HaSkaLA is here! (originally published Sept. 4, 2010)

01Jul11

I spent much of the summer of 2010 following the Warped Tour in my car.  I kept a blog about it, certain entries of which I’m going to migrate over here.  This entry is from July 3rd, a review of HaSkaLA, who played the California dates of the tour.

 

Anybody in here listen to ska?

Hey, me too. That makes two of us.

I bet that 93% of the ska bands you listen to formed prior to the new millenium, right? I bet the lead singer’s got grey hairs and shit. Ska ain’t dead, but it sure doesn’t seem to be getting any younger.

Enter HaSkaLA, a brand-spankin’-new haven’t-even-cracked-the-owner’s-manual-yet ska band from LA, who played the three California Warped dates last week (and will play one more, August 10th, in San Diego) on the Ska Parade portion of the Kevin Says Stage.

Though HaSkaLA is, as previously mentioned, so sparkly new it hurts (their second show ever was the show on June 25th in Carson City), but various members of the band have been kicking around the LA ska scene for years. They are up front about their newness as a band, which is refreshing (if you’re tired of watching bands scramble for “scene cred”, not that this has ever been a concern for ska bands, who are just hopelessly uncool to begin with) and discouraging (if you’ve ever known a band who tried and failed to get on Warped). HaSkaLA has caught on to the ludicrous irony of both the universe as a whole and the music industry specifically, and so far at least, they’re laughing at it, trying to skank fast enough so that they don’t get run over.

Frontman Steve takes the stage with his eyes ringed with kohl, clad in a burka, which is quickly shed to reveal an outfit involving fancy pants of some sort. Watching him perform, I got the feeling that I had wandered into a vaguely sinister dystopia in which ska is the only possibility for redemption. I’m not sure if Steve is the Ring Master in this alternate universe or the victim of it. Perhaps both.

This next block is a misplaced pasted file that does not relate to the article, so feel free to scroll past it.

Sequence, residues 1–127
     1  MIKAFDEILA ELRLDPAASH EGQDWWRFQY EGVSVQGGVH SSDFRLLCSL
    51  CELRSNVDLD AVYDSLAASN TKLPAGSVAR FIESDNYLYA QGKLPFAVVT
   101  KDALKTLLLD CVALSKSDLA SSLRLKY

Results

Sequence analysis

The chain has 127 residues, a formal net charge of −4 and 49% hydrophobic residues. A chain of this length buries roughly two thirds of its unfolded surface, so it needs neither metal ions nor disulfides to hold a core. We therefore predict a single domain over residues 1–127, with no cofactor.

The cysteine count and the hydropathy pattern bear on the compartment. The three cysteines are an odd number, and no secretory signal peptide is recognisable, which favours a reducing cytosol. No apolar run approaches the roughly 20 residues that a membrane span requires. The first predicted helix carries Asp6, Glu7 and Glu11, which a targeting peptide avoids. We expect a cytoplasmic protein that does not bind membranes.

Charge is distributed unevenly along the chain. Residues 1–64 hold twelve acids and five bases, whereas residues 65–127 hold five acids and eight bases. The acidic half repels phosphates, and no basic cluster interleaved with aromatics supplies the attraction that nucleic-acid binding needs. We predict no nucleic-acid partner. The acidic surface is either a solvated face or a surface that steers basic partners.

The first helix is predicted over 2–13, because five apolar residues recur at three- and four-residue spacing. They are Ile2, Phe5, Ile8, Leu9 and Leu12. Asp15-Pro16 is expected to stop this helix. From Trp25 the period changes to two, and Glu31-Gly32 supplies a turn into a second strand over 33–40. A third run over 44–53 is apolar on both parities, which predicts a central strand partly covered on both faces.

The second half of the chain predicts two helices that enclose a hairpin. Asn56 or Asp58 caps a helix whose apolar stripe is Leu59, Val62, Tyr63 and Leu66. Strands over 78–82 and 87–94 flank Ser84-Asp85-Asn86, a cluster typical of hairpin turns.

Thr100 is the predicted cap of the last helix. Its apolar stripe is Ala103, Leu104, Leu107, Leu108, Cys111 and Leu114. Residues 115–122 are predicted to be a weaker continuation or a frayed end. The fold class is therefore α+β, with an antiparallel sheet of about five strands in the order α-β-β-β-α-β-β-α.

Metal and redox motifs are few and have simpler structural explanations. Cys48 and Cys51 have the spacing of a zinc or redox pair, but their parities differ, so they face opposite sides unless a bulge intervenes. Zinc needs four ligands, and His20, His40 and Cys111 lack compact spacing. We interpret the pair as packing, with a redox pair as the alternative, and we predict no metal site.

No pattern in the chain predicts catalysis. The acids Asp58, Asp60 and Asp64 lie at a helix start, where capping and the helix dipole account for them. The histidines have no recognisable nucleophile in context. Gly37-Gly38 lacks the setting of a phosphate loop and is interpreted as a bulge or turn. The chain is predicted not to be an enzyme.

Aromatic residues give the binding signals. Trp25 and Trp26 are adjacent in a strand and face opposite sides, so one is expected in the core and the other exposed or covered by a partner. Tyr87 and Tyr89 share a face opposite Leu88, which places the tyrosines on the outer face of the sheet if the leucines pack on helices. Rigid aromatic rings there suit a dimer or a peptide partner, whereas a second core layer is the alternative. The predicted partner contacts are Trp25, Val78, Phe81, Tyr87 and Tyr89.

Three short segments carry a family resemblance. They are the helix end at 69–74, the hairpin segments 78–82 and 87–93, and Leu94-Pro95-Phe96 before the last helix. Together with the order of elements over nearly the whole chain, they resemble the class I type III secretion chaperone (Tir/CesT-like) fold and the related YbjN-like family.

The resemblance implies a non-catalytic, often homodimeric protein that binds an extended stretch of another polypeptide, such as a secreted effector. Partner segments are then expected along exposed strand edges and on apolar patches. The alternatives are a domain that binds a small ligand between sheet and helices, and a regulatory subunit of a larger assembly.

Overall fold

The best ska bands make a tacit agreement with their audience, and this pact is part of the reason why ska shows feel so different from punk shows. We will put on a show for you, they say, if you meet us halfway. Hence the emphasis both on showmanship (including dress code) and on musicianship. HaSkaLA’s got this down: they write songs that are eminently danceable, and they avoid the ska verse/punk chorus formula that ska has been so burdened with over the past few years. In a nutshell, HaSkaLA is fun.

This is not to say HaSkaLA’s got it all down; they are a brand new band, and correspondingly rough around the edges at times. And I tend to like bands who incorporate longer phrasing into their horn lines. But that’s just nitpicking, really; aspects of the band that will evolve the longer they stay together and get broken in. If you’re in San Diego on August 10th and you like ska, you could do worse than spring for a $35 Warped ticket and camp out in front of the Kevin Says stage, where HaSkaLA (along with plenty of other ska bands) will be taking over and skanking it up all afternoon.

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